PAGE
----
Jul 10, 2012, 06:06 PM
Spanish coin pendant
Found this Treasure Ship pendant on a Long Island beach. I believe it to be a 1 Reale Cob from the Mexico mint.
The cross on the reverse is in the style of a Jerusalem cross and the balls on the end of each arm, my research tells me, is indicative of the Mexico mint. Late 1700,s to early 1800,s.
Any other information would be greatly appreciated.
Jul 10, 2012, 06:17 PM
The design of the cross reminds me of a 4R cob of Felipe V 1733 or 1734. If real, it's .916 fine and quite valuable. Rotating the coin 90 degrees to the left will produce proper N/S alignment.
Last edited by Mackaydon; Jul 10, 2012 at 08:15 PM.
Jul 10, 2012, 10:35 PM
It looks fake to me but I am not an expert
Jul 10, 2012, 10:44 PM
Jul 11, 2012, 12:09 AM
A cob can be any shape, including round and heart-shaped.
Jul 11, 2012, 12:53 AM
I suppose someone could cut one down but the weight would be incorrect and I would expect a genuine round cob from the mint to be very rare. It doesnt matter it looks bad to me. It looks like a cast jewelry piece made to look like a cob but never meant to fool anybody. It may be real silver and the bezel may be gold. Nice find.
Last edited by Bigcypresshunter; Jul 11, 2012 at 12:58 AM.
Jul 11, 2012, 12:55 AM
Jul 11, 2012, 01:27 AM
very cool find real r fake
Jul 11, 2012, 07:00 AM
Search Google images for "shipwreck jewelry" to see more examples.
“I know that you believe you understand what you think I said, but I'm not sure you realize that what you heard is not what I meant.”
Jul 11, 2012, 08:58 AM
Perfectly round (and centered) examples from the mint were called Presentation Pieces--trimmed (to round) to present to the King to show the degree of qualtiy that mint could produce. Persentation pieces were never intended for circulation. Other than Presentation pieces, any cob could easily be trimmed (and many were) and those trimmings accumulated then sold as silver (abount 92% fine). Weight, not configuration is what I find most indicative of a cob's denomination; using approx. 27.5 grams as a benchmark for an 8R coin; proportionally less for lower values. Clearly, this coin, though 'round' is not in pristine condition therefore it was not a Presentation piece.
I don't authenticate; I only describe as if it were an authentic coin.
Last edited by Mackaydon; Jul 11, 2012 at 09:02 AM.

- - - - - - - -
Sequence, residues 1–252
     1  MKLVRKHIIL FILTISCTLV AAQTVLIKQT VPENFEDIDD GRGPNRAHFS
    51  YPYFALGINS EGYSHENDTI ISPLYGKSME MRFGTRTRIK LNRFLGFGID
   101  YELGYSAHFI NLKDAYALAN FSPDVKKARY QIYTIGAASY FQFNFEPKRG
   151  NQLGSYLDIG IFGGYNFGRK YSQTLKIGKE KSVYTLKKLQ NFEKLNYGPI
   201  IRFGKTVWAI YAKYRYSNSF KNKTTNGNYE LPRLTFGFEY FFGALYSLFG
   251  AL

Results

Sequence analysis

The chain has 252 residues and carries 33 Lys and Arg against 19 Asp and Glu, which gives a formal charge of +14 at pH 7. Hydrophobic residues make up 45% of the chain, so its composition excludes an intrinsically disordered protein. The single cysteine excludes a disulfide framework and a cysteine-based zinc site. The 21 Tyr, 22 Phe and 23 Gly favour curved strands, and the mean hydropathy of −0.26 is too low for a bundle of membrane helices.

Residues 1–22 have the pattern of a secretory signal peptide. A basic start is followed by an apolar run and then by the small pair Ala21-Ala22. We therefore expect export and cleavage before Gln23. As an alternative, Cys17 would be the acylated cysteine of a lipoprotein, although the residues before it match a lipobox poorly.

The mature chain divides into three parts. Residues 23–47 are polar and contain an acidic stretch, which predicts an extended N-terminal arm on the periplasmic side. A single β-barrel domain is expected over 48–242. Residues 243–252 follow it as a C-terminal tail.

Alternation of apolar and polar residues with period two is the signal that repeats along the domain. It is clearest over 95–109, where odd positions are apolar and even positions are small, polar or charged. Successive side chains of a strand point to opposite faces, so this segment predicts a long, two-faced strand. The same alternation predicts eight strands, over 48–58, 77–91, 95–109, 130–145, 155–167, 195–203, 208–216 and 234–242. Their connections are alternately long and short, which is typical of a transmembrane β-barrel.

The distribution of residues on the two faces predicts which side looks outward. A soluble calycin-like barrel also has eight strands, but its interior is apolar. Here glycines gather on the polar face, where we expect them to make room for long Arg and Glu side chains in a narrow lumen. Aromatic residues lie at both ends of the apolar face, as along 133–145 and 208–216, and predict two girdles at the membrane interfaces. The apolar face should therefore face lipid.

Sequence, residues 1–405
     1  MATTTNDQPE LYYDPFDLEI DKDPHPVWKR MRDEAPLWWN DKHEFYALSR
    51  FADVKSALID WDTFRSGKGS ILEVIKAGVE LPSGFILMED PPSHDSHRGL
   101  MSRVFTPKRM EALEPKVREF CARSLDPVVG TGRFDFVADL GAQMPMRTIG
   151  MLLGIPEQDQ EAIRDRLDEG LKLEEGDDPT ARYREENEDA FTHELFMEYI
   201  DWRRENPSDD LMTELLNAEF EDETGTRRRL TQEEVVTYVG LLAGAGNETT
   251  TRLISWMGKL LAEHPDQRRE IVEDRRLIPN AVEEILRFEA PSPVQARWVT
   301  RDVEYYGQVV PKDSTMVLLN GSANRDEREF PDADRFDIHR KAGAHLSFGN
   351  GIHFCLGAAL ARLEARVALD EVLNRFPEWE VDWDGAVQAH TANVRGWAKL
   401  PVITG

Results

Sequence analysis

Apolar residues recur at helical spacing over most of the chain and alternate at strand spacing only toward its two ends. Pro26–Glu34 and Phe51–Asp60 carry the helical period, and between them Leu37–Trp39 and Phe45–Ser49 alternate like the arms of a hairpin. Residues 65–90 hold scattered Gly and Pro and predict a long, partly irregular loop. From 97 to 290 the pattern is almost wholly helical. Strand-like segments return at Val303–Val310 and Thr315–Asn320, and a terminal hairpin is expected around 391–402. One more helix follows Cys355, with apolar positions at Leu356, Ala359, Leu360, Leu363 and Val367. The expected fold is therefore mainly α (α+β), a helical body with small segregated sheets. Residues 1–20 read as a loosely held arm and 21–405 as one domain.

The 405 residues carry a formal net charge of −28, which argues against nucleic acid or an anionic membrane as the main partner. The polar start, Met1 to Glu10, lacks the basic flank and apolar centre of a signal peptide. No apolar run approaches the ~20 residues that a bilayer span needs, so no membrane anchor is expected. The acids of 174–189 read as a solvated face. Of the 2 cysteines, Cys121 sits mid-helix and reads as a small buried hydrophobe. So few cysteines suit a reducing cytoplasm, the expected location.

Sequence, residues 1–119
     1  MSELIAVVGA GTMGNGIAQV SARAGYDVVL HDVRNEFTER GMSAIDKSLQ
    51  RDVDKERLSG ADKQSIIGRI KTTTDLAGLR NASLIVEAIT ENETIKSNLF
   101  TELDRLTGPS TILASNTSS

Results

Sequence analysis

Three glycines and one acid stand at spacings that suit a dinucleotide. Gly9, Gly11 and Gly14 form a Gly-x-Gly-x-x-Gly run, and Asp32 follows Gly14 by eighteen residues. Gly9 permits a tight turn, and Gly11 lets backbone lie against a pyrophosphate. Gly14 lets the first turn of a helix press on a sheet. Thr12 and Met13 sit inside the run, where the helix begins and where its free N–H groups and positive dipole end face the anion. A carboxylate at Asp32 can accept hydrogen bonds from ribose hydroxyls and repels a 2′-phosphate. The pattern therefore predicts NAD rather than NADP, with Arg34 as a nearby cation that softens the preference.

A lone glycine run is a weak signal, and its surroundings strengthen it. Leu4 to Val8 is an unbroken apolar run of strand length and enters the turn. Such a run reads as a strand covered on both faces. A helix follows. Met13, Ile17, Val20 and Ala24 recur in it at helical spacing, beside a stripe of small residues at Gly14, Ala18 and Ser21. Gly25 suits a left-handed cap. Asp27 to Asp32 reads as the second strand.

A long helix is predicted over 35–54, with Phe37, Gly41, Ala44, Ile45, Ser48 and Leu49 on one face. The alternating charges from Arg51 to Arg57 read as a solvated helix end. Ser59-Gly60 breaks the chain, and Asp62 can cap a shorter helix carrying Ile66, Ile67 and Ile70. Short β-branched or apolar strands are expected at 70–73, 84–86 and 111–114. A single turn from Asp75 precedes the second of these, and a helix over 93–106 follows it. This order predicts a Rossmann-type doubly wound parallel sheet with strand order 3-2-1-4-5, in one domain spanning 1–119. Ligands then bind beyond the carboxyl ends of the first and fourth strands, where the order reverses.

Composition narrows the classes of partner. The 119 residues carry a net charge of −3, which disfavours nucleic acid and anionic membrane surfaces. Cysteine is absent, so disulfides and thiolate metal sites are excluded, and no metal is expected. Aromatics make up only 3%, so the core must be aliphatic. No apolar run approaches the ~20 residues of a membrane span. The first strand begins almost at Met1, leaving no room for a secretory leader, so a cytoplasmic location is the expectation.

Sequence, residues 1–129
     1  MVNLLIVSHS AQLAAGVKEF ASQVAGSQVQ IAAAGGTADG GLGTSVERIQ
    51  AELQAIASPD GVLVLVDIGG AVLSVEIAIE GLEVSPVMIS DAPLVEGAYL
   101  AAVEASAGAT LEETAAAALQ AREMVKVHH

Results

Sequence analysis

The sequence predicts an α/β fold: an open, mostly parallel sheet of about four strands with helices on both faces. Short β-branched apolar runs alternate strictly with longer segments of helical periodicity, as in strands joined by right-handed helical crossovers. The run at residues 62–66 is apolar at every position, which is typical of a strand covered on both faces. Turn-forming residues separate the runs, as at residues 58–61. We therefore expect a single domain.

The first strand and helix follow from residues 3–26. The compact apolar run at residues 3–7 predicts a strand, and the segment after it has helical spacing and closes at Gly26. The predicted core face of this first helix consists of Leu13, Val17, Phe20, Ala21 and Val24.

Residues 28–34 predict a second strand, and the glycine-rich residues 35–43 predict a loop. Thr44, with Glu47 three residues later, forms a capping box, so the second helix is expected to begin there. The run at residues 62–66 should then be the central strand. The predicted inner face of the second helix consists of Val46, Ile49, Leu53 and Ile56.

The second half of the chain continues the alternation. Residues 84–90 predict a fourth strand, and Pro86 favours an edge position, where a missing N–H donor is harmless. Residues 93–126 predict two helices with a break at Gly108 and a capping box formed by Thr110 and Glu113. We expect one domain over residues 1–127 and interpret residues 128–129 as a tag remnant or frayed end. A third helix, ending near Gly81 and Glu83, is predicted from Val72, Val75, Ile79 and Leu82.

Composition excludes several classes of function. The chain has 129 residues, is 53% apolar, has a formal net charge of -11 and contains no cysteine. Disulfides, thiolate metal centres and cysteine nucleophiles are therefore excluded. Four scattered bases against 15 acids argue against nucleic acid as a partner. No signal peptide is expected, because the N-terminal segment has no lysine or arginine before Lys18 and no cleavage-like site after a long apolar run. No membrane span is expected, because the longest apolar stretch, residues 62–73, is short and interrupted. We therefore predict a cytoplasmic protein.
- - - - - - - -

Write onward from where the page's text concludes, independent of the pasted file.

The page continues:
Jul 11, 2012, 09:43 AM
OK thanks. I figured a round cob would be rare. If it was real, it looks to have quite a bit trimmed off but I seriously doubt its authentic. Heres an example of a Mexican cob I found on the beach. They are cut odd sizes, weighed, trimmed, weighed again and stamped. A very fast and crude production method.
Originally Posted by Mackaydon
You could post in the shipwreck forum to be absolutely sure. Divewrecks or Realswatcher could authenticate.
Last edited by Bigcypresshunter; Jul 11, 2012 at 09:55 AM.
Jul 11, 2012, 09:59 AM
I mean the Spanish Cob section.
Jul 11, 2012, 10:05 AM
A large number of cobs, excluding Presentation pieces, were never intended for general circulation. Instead, they were intended to pay debts to other countries who financed Spain's 'adventures'. Once Spanish galleons arrived in Spain, some vessels unloaded their cargo of cobs directly onto ships of other countries--in payment of those debts. There, they would be melted down to create coinage of their own country.
The shape of the cob coin was determined by the manner in which the bar of silver was 'rolled' at the mint, by the amount of trimming required to bring the coin down to standard weight and by the creativity of the those at the mint ('hearts').
Jul 11, 2012, 05:15 PM
I just noticed you said 1 reale. Mine is an 8 reale. No matter I still think it a jewelry piece. Here i8s what they should look like. Pic found on internet.
Jul 13, 2012, 08:03 PM
Thanks for the input.
I have one other source that also doubts the authencity of this find.
I will keep you informed.
Anybody else have any ideas.
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